America’s shale boom got the world accustomed to soaring production. Now growth has slowed, and a cloud has formed over the industry.
Fracking pushed the U.S. closer to its long-sought goal of energy independence at a time of unprecedented geopolitical risk. Wells from Texas’ Permian Basin to the Bakken in North Dakota turned farmers and ranchers into overnight millionaires. Drivers enjoyed cheap gasoline, decent-paying jobs sprang up in small towns and new technology attracted investment from all corners of the world, keeping drillers busy.
It’s true that the end of the boom has been foretold before. For years, the good times came with the warning that a litany of financial and engineering issues would doom the revolution. Such naysaying was proved wrong again and again by the industry’s resilience. Producers were able to borrow cheaply, fine-tune operations and trim costs along their supply chains.
But the tea leaves look different this year. Money isn’t as plentiful for an industry that in the last decade burned through nearly $200 billion. Investors are restless. Returns haven’t matched rocketing production, with the S&P 500 Oil & Gas Exploration stock index losing 21% in the last 10 years, compared with a 177% rise in the wider market.
“I don’t think the call for the end of shale is stronger this year,” said Ed Morse, global head of commodities research at Citigroup Global Markets Inc. “But it’s more detailed.”
Production growth has run at a pace of roughly 3% this year after gaining nearly 21% from 2017 to 2018, according to numbers from the U.S. Energy Information Administration. Estimates for 2020 vary, but even the most optimistic forecaster has the percentage change nowhere near like it was in the glory days, causing even the cowboy-booted wildcatters who ignited the revolution to express doubts.
“You’re going to see a significant fallback in Permian growth,” Scott Sheffield, chief executive of Pioneer Natural Resources Co., told analysts in an August call. “You’ll probably move toward no growth for most people.”
Since the oil-price bust of 2014, unpredictability has been the theme music of U.S. shale. But through all the down moments — a wave of bankruptcies and a drop in the number of drilling rigs among them — production has proved durable. It grew by more than 2 million barrels per day last year, for example.
But 2019 has played a different tune. Even with prices holding steady above $52 a barrel, oil output was virtually unchanged at 12 million barrels a day in the first seven months, according to the EIA. In weekly data available since July, production has hovered at about 12.4 million barrels per day.
Some traders and analysts remain upbeat, suggesting that the slowdown is a result of events like bad weather. They said new pipelines ramping up will expand takeaway capacity and help drive output gains in 2020. Two of the biggest U.S. oil companies are expanding in the shale patch.
But investors have had enough. They’re demanding companies spend less and pay more dividends. Activists are forcing companies to put themselves up for sale. Bank funding is getting tighter, too, according to a Federal Reserve Bank of Dallas survey.
Access to capital is especially vital to shale drillers because of the wells’ rapid decline rates. Fracking production falls as much as 70% in the first year, compared with as little as 5% from conventional vertical drilling, meaning new wells are constantly needed. Once the cash for drilling dries up, production quickly follows.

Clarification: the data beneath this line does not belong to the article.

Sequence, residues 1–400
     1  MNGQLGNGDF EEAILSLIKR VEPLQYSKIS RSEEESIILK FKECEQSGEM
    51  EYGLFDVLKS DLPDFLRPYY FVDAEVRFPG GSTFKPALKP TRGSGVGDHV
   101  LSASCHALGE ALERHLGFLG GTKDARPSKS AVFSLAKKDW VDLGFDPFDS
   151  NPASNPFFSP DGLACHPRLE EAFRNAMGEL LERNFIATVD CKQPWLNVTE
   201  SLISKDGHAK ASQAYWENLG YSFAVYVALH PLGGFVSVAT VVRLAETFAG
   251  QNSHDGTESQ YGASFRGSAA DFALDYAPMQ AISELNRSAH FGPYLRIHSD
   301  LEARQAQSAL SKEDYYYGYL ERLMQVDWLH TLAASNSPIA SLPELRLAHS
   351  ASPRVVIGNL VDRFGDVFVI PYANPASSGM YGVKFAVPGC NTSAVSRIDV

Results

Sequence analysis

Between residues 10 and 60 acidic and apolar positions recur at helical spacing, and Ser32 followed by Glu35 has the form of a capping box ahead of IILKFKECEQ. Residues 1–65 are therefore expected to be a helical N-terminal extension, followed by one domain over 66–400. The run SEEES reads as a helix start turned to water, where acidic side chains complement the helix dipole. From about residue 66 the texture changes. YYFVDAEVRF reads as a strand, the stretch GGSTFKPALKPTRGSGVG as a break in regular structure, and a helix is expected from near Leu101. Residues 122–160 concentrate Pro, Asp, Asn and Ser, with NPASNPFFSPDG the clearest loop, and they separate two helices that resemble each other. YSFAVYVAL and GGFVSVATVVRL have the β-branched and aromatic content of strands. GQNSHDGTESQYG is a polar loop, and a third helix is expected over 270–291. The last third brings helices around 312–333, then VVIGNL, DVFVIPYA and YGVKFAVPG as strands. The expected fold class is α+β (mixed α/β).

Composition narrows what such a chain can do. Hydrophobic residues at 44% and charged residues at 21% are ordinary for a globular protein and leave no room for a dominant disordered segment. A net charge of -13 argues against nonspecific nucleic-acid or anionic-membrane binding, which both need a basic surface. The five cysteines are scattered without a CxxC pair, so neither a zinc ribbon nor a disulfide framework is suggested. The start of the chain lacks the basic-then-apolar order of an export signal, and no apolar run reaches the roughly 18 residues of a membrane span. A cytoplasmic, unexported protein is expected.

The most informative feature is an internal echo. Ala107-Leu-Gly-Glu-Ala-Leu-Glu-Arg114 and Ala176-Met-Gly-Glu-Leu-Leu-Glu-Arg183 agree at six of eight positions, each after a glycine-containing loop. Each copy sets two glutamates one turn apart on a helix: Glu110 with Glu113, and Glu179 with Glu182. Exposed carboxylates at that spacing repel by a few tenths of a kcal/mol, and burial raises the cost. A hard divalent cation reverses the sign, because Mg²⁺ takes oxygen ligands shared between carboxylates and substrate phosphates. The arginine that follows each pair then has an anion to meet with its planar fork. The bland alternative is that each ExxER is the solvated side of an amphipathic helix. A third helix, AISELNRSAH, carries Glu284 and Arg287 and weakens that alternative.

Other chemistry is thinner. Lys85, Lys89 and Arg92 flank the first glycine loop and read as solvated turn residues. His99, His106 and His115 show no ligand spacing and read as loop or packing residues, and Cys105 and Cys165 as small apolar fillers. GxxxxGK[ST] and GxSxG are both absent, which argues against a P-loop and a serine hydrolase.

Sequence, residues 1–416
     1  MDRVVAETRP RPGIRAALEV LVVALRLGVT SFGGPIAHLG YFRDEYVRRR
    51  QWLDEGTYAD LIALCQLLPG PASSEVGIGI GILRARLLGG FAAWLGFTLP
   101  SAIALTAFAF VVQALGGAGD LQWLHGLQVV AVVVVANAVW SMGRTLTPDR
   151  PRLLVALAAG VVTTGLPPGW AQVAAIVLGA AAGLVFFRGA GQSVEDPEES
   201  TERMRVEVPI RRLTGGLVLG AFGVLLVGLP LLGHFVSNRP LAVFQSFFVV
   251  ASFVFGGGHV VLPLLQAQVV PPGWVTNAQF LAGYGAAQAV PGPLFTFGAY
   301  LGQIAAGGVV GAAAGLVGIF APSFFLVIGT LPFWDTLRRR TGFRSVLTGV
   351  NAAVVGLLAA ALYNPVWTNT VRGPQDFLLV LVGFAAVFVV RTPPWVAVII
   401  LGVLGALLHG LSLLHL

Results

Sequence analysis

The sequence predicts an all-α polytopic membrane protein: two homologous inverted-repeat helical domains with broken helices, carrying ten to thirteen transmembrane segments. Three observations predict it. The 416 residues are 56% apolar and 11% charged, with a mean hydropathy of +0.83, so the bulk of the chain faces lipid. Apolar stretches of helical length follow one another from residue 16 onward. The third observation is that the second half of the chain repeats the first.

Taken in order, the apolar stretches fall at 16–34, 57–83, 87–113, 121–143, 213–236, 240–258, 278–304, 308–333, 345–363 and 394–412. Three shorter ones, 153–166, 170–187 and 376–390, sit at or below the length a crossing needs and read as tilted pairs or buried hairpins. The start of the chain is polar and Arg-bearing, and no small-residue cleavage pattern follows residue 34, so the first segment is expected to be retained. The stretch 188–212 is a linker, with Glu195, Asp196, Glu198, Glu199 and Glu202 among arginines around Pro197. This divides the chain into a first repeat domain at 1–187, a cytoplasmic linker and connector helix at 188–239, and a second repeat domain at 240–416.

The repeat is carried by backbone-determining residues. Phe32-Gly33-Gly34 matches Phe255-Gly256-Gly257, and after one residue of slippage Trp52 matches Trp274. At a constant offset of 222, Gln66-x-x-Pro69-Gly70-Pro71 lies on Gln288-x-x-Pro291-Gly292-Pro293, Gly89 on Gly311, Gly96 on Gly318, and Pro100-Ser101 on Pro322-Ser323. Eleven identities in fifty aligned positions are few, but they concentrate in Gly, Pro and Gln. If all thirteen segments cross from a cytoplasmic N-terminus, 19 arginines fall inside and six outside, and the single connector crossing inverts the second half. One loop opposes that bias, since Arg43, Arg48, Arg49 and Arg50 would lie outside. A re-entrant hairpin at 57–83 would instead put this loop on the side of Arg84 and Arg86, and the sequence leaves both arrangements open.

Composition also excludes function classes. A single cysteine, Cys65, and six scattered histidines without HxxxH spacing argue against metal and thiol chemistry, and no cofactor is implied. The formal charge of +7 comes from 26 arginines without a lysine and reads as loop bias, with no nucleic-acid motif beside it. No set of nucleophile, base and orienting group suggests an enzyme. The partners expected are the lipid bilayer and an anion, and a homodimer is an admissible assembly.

A more existential issue is also at play. Frackers in the Permian, the largest U.S. shale patch, are packing oil wells closer together because they’re running out of space. That creates a loss of well pressure, a phenomenon known as the parent-child effect. It could lead to a loss of 15% to 20% of recoverable crude, according to Houston-based investment bank Tudor, Pickering, Holt & Co., and an overall production decline of 1 million barrels per day, Sanford C. Bernstein analyst Bob Brackett said in a note.
In July, Concho Resources Inc. revealed disastrous results of a Permian spacing test. The stock dropped 22% in one day. That was followed by indications from Apache Corp. and Whiting Petroleum Corp. that they were also experiencing delays that hurt production.
At the moment, forecasters see different outcomes for 2020, but they’re united that growth will be sluggish. The EIA predicted that next year’s production will expand by nearly 1 million barrels a day — half of 2018 growth.
Pioneer said oil output will grow at about 600,000 to 700,000 barrels per day on average over the next few years.
It’s all to do with “the change in investor mindset,” CEO Sheffield said at a recent conference. “That’s probably taken off about 300,000 barrels of oil a day off the marketplace going forward.”
S&P Global Platts Analytics said that 2020 production is likely to expand at 1.1 million barrels, while Wood Mackenzie estimates growth at roughly half that level.
Macquarie Group Ltd.’s number is about 1.3 million barrels per day, assuming the price holds near $55 a barrel, but cautioned the estimate could be drastically reduced if the rig count doesn’t increase after recently dropping to a two-year low.
Giants like Exxon Mobil Corp. and Chevron Corp. have plans to expand in the Permian Basin. Unencumbered by the funding problems faced by independent producers, they plan to more than double production by the early 2020s.
For now, though, the gathering clouds have dimmed the outlook. Through August, the industry has completed 11% more wells than last year, according to David Ramsden-Wood, chief operating officer for Franklin Mountain Energy.
Even with the added drilling, he said, production hasn’t grown at all.